The entry, which includes a photograph of the museum’s historic 1858 Pendergrass Store, notes that the facility “honors the physician Crawford W. Long, who attended the University of Georgia where he roomed with Alexander H. Stephens, the future vice president of the Confederacy. Long is credited as the first physician to use ether for surgical purposes.” Long served in the Athens, Georgia Home Guard and as a surgeon for the Confederacy.
Written by Barry L. Brown and Gordon R. Elwell, the Georgia Civil War Commission publication is an expanded update of the 1994 edition of the guidebook. The 304-page new edition, which arranges Georgia sites into nine regions beginning with the Chickamauga Battlefield in the northwest, includes 65 black and white photographs, 190 color photographs and images, and twenty maps.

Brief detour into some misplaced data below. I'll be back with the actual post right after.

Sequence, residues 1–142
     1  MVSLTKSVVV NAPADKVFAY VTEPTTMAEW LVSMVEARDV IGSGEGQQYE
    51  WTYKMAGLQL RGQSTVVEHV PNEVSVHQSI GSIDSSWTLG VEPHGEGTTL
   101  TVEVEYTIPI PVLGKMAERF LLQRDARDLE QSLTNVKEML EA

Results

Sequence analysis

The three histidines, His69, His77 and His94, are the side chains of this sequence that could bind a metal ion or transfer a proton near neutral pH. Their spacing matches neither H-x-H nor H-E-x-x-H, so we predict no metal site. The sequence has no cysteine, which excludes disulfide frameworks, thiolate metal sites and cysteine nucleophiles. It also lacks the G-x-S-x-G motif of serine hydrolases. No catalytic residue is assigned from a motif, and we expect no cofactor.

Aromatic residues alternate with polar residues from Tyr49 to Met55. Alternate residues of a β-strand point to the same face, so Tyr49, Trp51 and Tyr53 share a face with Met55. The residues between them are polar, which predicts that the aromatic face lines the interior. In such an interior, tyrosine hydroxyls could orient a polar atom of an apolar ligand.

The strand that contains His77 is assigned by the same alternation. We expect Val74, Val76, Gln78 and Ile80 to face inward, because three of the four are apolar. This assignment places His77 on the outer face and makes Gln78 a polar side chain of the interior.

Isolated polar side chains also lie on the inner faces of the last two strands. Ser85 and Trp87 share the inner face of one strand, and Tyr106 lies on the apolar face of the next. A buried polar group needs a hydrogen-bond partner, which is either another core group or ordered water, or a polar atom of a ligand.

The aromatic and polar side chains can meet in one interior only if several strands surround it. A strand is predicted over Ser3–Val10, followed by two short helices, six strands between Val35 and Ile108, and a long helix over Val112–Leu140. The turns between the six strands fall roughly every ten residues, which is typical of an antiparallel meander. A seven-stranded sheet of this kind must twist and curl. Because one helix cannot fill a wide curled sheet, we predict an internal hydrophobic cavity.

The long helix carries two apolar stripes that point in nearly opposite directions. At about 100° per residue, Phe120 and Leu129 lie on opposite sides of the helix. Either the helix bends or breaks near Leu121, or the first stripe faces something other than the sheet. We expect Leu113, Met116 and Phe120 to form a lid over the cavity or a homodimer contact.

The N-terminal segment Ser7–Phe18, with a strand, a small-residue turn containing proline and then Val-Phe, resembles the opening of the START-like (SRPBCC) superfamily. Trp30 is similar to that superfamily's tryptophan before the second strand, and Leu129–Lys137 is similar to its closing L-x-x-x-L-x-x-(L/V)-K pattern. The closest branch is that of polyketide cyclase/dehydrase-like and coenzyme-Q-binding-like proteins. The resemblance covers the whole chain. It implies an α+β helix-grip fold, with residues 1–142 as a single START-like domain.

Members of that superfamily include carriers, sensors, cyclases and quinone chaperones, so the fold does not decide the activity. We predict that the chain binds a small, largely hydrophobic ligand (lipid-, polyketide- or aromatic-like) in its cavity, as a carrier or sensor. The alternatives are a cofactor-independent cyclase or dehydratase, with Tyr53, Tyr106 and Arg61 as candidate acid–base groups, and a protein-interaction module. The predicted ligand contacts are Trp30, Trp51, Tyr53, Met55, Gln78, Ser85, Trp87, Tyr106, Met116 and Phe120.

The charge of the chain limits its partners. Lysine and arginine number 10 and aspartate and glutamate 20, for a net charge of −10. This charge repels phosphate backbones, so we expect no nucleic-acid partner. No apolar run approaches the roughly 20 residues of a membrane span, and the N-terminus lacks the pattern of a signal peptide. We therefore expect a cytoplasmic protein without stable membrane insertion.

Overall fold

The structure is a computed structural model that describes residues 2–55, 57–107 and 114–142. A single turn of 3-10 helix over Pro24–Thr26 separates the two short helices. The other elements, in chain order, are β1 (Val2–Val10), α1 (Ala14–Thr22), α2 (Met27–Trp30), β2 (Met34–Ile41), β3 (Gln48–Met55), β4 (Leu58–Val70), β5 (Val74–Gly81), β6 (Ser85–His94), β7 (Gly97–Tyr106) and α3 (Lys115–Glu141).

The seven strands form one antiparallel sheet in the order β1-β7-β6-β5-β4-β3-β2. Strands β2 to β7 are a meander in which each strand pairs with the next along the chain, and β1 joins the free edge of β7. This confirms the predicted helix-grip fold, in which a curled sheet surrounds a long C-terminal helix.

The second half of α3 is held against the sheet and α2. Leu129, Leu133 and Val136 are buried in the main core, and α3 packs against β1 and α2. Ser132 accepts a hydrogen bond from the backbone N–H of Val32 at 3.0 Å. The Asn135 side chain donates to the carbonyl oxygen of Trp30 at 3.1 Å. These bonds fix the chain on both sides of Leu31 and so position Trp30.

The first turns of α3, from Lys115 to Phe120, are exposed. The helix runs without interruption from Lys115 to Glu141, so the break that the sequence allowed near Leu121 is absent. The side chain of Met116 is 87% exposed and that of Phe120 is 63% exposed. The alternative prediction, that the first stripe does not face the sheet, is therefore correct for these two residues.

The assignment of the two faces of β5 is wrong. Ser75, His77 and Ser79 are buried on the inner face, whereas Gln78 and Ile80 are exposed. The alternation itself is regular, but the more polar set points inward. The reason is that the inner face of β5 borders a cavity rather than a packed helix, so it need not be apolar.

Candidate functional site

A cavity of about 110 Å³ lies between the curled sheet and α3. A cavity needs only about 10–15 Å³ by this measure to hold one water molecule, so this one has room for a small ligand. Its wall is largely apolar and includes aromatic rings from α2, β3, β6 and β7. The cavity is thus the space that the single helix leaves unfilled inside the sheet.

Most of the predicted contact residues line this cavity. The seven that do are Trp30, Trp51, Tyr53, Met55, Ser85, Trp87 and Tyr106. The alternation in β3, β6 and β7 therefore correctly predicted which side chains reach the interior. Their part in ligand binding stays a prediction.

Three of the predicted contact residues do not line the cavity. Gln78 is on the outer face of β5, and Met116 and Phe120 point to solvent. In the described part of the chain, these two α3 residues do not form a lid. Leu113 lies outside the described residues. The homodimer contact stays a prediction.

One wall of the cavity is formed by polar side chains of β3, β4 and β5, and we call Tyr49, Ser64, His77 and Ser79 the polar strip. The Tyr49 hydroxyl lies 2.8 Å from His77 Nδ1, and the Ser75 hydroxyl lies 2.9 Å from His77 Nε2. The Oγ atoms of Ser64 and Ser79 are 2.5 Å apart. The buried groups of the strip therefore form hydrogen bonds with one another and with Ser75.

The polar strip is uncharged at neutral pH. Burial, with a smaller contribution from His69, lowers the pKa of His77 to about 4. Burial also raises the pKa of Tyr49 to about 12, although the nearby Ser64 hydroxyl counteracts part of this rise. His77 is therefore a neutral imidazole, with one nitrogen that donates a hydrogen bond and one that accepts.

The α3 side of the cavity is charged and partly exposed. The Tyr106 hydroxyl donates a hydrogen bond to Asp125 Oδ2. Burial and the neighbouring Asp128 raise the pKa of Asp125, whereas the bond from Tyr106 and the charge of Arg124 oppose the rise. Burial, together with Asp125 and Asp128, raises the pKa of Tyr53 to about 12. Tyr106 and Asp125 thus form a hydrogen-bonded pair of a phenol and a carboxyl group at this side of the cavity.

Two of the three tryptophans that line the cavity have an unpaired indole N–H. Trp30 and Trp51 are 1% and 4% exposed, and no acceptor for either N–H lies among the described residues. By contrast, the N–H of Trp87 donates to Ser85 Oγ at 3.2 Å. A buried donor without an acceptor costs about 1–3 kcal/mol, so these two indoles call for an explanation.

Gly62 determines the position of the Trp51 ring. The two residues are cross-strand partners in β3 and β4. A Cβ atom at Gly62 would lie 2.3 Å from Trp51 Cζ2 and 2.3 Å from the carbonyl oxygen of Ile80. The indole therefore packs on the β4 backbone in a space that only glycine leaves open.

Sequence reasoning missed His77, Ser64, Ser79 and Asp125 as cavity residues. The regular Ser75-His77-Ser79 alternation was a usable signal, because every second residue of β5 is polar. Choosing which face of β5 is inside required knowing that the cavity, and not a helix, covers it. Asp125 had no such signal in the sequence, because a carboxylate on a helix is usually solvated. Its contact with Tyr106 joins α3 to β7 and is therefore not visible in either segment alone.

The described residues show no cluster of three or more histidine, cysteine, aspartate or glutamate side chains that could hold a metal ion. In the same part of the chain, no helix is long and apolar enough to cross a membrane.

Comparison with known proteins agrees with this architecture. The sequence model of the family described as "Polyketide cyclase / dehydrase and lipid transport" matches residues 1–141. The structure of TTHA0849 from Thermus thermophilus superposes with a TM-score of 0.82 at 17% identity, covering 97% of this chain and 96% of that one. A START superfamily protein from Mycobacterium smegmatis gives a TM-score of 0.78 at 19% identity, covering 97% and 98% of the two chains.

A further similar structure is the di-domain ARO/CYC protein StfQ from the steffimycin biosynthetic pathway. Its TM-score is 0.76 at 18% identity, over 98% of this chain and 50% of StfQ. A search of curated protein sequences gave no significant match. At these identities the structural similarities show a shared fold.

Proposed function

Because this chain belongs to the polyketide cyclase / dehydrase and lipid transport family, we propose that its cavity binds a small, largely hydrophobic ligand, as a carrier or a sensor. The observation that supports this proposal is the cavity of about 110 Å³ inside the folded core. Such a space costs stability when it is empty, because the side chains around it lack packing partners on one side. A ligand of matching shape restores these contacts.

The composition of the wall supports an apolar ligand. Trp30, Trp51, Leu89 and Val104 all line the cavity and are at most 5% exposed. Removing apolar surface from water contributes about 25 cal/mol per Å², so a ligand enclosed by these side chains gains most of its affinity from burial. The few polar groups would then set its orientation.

According to the University of Georgia Press, “The impact of the Civil War on Georgia was greater than any other event in the state’s history. Approximately eleven thousand Georgians were killed and the state suffered more than one hundred thousand in total casualties. Georgia was extremely influential in this nation’s most tragic conflict, and the war touched every corner of the state.”
Born in Danielsville, Georgia, Crawford W. Long (1815-1878) first used ether for surgical anesthesia on March 30, 1842.
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Coming Attractions on Malcolm’s Round Table
November 17 – An interview with author Vila Spiderhawk
November 21 – Second Annual Blog Jog Day
December 17 – Virtual VHP Dine-a-Round